After returning home from his mission to Concepción, Chile, Ogletree saw action in 10 games as a member of special teams, tallying 19 tackles.

Ogletree also met his wife Amanda shortly after returning home. The night they met, he was with his good friend and teammate Blake Morgan.

“Blake and I were hanging out the first time I saw her,” Ogletree said. “I actually told Blake he should ask her out, and he did. I asked another girl out, and we went on a double date.  They even ended up dating for a few months, but luckily it didn’t work out. I ran into her about a year later and things went from there. I realized she was the first person I could see myself spending my life with.”

After two years of marriage and an addition to the family, Ogletree continues to see life progress in the home and on the field.

“Brandon is a great dad,” Mark Ogletree said. “I’ve never seen Brandon happier than the day Luke was born. He was smiling from ear to ear. He is very tender and soft with his son. That is a side of him that no one else really sees.”

As the only son with seven sisters in the Ogletree family, Ogletree and his father spent countless hours practicing sports, doing yard work and watching highlight films. This allowed his father to do additional teaching. One such lesson Ogletree recalls is the principle of work, which has become a support throughout his life.

“My dad taught my sisters and I the importance of work,” Ogletree said. “He emphasized the point that no one should be able to out-work us whether it be in the yard, in the mission or on the football field. If we worked, good things would happen.”

Looking back Ogletree has no regrets with what he has accomplished. Because of his work ethic he started the majority of the season as a sophomore by tallying 49 tackles (fourth on the team), two interceptions, three pass breakups and one forced fumble. As a junior he led the team in tackles, nearly doubling the number from his sophomore season, tallying 79, including 36 unassisted. He started every game but one due to an injury.

As he reminisces on his time at BYU, he has formed many memories and highlights on the field, but one sticks out above the rest.

“One of my highlights playing for BYU was against San Diego State my sophomore year,” Ogletree said. “There was a drive at the end of the game where we had San Diego held on third down. I knocked a guy off the ball, which resulted in a punt. It wasn’t just that play, but the game as a whole. It was special for the whole team. It was the first game coach Mendenhall took over as the defensive coordinator, and we all felt what happened during that game helped us all right the ship.”

Despite being one among 42 others throughout the country named to the Lott Impact Trophy watch list this year, Ogletree’s goals are aimed at helping the team. The Lott Impact Trophy is awarded to a defensive player who best exemplifies integrity, maturity, performance, academics, community and tenacity.

“I’m just hoping to have a great team this year,” Ogletree said. “I don’t care about personal accolades or anything. Winning a trophy doesn’t mean anything if we don’t win games, so my only goal is to help the team win all our games and reach our full potential.”

Yes, Ogletree is a mystery. He plays the game in a way his opponents cannot read. To them, he is intimidating. To his family, he is loving, and to his teammates, he is a leader.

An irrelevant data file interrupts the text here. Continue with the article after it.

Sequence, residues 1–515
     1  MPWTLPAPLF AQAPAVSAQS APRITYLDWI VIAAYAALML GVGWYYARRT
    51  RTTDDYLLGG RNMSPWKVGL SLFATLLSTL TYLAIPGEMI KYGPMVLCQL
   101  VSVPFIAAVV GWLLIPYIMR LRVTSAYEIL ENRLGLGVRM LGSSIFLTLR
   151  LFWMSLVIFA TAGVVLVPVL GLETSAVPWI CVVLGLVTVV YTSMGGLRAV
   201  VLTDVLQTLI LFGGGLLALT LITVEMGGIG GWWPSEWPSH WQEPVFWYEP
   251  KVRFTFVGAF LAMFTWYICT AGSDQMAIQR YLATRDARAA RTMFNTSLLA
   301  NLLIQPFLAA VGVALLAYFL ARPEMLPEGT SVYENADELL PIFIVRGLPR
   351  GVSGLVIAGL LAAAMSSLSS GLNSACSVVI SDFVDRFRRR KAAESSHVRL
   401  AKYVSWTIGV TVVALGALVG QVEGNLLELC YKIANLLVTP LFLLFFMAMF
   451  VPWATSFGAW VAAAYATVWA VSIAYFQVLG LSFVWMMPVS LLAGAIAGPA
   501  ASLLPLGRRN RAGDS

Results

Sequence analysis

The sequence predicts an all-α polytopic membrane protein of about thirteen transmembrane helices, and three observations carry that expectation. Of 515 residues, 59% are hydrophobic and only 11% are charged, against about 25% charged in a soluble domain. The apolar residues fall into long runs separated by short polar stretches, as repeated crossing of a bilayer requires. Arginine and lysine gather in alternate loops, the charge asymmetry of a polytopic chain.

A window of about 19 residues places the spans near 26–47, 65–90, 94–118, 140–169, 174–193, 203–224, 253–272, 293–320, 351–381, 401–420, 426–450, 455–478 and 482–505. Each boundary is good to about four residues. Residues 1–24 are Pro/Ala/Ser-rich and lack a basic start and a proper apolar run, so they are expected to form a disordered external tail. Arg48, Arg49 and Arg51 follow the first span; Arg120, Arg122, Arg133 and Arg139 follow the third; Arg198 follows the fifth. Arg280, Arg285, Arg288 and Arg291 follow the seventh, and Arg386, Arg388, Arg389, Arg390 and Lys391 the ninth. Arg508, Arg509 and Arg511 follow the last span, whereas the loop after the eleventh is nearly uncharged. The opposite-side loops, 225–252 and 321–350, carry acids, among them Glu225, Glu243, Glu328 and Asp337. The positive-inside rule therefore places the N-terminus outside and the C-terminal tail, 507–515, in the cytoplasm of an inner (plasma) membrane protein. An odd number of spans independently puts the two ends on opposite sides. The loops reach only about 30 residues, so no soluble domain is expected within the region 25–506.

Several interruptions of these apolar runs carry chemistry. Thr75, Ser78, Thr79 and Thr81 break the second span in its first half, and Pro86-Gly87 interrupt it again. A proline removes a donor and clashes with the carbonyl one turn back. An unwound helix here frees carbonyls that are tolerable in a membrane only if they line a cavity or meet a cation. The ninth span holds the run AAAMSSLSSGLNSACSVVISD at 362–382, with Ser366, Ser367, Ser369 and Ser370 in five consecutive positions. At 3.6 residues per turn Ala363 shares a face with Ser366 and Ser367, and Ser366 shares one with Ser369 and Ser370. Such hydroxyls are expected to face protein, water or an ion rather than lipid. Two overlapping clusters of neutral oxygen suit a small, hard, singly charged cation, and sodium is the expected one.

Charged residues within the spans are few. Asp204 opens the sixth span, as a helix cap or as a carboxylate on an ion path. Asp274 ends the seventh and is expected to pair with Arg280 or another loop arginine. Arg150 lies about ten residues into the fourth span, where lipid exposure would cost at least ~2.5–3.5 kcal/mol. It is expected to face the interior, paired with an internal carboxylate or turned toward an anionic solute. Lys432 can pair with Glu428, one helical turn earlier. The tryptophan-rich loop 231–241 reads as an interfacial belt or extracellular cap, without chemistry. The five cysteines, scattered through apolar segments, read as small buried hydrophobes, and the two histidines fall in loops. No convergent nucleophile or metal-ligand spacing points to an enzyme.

Because of his competitive nature, outspokenness and athleticism, Brandon Ogletree (see story on page 4) is well on his way to earning a place next to former linebacker greats such as Bryan Kehl, Shay Muirbrook and Larry Carr.

“Brandon is a fierce competitor, he’s tenacious and loves to win,” head coach Bronco Mendenhall said. “He’s also outspoken, but that’s part of what makes him unique. That’s part of being a linebacker. The best linebackers just love the physical part of the game. It doesn’t matter how many times they have a chance to go live¬¬ – they always want more contact.”

One BYU linebacker Ogletree grew up watching was Rob Morris, a first-round draft pick by the Indianapolis Colts in 2000. Morris, the “Freight Train,” is known as one of the best linebackers in BYU history, leading his team in tackles his sophomore (110) and junior (147) seasons and was second his senior (77) season after missing four games.

“The main reason I wear the No. 44 is my dad thought I was a similar player to Morris,” Ogletree said. “Wherever the ball was, he was there, and that’s what I try to do as well.”

Traditionally, sportswriters have branded BYU as the quarterback U with standouts Jim McMahon, Steve Young and Ty Detmer, who led the Cougars in the 80s and 90s. Fans could also argue that BYU is known for preparing players for the NFL in other positions including linebacker. But is it possible for BYU to hold the legendary title of linebacker U?

Not to place itself on a pedestal with “linebacker U” powerhouses Penn State, USC and Miami, linebackers from BYU have come and gone from the NFL, entered multiple halls of fame and become football coaches at notable universities around the country. Players such as Mel Olson, Dennis Simmons, Leon White, and Cary and Kyle Whittingham created a tradition that continues in BYU linebackers today.

David Nixon    (03/06-08)    NFL, Carolina Panthers
Bryan Kehl    (02/05-07)    NFL, Washington Redskins
Brady Poppinga    (01-04)    NFL, Green Bay Packers
Colby Bockwoldt    (99-03)    NFL, New Orleans Saints
Ed Lamb    (94-96)    Head Football Coach at SUU
Shay Muirbrook    (93-96)    NFL, Oakland Raiders, Cotton Bowl Hall of Fame
Rob Morris    (93/96-99)    NFL, Indianapolis Colts, First Round, Super Bowl winner (2006)
Dennis Simmons    (92-96)    Washington State Coaching Staff
Todd Herget    (87/91-93)    CFL, Edmonton Eskimos
Andy Katoa    (85-86)    NFL, San Diego Chargers
Kurt Gouveia    (82-85)    NFL, Washington Redskins
Leon White    (81-85)    NFL, Cincinnati Bengals, Holiday Bowl Hall of Fame
Cary Whittingham    (81-85)    NFL, Cincinnati Bengals
David Aupiu    (81-82)    NFL, Los Angeles Rams
Todd Shell    (80-83)    NFL, San Francisco 49ers
Kyle Whittingham    (78-81)    USFL, Portland Storm, Holiday Bowl Hall of Fame,
        Head Football Coach at Utah
Glen Redd    (76-80)    NFL, New Orleans Saints
Larry Miller    (75-78)    NFL, St. Louis Cardinals
Larry Carr    (71-74)    BYU Hall of Fame
Sid Smith    (71-74)    NFL, Tampa Bay Buccaneers
Jeff Lyman    (69-71)    NFL, St. Louis Cardinals
Mel Olson    (63-66/69)    *Offensive Line Coach at BYU under LaVell Edwards
        *Played linebacker 63-66 and center in 69